Majolica works are colourfully painted, tin-glazed pieces of pottery which were most popular in Italy from 15th to 17th century. The origins of the manufacturer are found in Moorish Spain, in 13th century, where pottery from Mallorca which had been finished with a luster glaze was imported to Italy.

blog.php-163 Etagère from Deruta with yellow and brown paint on a white background decorated with flowers, birds and a rabbit, H: 6.8 cm, Diameter: 28.1 cm, mid 17th century.
On sale at Cambi Casa d'Aste

blog.php-158 Rare sculpture from Faenza (?) Of the "Pio pellicano" (Merciful Pelikan) symbolising the Eucharist and charity. H: 34 cm, early 17th century.
On sale at Cambi Casa d'Aste

Important production areas of Majolica were Faenza, Deruta and Casteldurante and Urbino. In around 1520, the Istoriati style was created. This style is most recognised for it biblical, mythological and historical scenes which adorn the pottery.

blog.php-162 Etagère from Deruta with polychrome painting.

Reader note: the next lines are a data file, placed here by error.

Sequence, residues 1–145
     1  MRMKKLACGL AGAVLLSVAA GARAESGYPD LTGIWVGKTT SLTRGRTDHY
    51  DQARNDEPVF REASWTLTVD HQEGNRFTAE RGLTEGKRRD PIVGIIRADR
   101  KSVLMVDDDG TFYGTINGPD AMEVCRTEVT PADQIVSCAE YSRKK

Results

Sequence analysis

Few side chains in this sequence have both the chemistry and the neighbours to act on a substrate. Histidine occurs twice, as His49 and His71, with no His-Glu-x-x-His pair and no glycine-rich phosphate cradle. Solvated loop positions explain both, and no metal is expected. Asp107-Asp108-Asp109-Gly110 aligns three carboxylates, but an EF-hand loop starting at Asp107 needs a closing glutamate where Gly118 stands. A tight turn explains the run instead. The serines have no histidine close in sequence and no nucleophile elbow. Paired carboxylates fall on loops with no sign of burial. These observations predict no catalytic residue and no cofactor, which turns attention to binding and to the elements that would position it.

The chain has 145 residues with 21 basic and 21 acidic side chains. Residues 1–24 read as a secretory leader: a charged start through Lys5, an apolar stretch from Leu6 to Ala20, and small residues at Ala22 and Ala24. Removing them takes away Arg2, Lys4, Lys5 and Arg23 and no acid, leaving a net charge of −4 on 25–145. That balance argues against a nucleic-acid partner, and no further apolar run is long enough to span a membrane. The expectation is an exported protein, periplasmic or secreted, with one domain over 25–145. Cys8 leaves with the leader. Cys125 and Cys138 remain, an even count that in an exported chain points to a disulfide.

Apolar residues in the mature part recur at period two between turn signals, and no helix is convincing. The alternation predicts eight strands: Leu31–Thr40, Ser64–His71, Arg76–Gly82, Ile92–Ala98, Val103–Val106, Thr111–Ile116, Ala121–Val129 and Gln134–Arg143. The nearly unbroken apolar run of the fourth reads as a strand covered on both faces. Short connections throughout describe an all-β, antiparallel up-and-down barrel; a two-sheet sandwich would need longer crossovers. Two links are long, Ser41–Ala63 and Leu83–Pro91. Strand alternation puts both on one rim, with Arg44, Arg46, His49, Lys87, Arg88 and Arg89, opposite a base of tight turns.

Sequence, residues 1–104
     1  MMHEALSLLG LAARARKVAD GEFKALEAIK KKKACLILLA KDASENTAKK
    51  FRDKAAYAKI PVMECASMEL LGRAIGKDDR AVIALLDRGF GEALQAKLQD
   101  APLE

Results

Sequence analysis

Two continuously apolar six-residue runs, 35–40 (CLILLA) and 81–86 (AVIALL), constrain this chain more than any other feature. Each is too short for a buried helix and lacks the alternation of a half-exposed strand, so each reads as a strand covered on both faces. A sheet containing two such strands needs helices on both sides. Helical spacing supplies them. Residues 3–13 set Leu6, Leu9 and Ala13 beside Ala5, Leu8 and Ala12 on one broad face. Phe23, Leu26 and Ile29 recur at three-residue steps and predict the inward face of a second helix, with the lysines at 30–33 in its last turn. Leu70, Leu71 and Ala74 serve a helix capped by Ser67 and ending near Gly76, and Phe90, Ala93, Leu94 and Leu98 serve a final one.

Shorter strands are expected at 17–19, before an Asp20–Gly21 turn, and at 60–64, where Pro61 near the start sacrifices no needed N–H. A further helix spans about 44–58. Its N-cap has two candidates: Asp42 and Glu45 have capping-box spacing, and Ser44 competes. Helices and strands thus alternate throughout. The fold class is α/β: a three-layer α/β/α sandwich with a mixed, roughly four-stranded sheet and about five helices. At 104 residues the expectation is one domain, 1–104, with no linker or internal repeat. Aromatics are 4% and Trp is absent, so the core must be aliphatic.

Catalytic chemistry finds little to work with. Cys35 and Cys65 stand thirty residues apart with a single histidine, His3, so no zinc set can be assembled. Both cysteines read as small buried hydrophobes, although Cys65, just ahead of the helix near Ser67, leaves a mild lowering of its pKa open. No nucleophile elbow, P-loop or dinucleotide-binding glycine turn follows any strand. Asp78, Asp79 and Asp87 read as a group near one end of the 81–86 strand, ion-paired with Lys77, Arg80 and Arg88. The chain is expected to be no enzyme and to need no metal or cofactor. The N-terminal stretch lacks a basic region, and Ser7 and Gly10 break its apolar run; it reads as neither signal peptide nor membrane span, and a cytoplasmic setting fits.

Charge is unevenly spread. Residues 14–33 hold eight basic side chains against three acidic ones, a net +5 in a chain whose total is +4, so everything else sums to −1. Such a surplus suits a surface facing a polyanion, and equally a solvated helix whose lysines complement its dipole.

H: 6.7 cm, Diameter: 25.2 cm, First half of 17th century.
On sale at Cambi Casa d'Aste

At the end of the 17th century, the traditional production of Majolica almost came to a standstill.  The discovery of the 'porcelain formula' in Dresden in the beginning of the 18th century was a major blow to the production of Majolica. Majolica was then only manufactured in Abruzzo and Naples.

blog.php-164 Rare inkwells from Urbino (manufactured by PATANAZZI ()?) Or Deruta - polychrome painted and decorated with four dogs, H: 14.5 cm, first half 17th century.
On sale at Cambi Casa d'Aste

At the end of the 19th century, the market for Majolica boomed in many regions of Europe. By then, 'Majolica' was then not strictly used for tin-glazed pottery but also for other colour-glazed ware.

Check out Cambi Casa d'Aste's full catalogue on Barnebys here.

Comment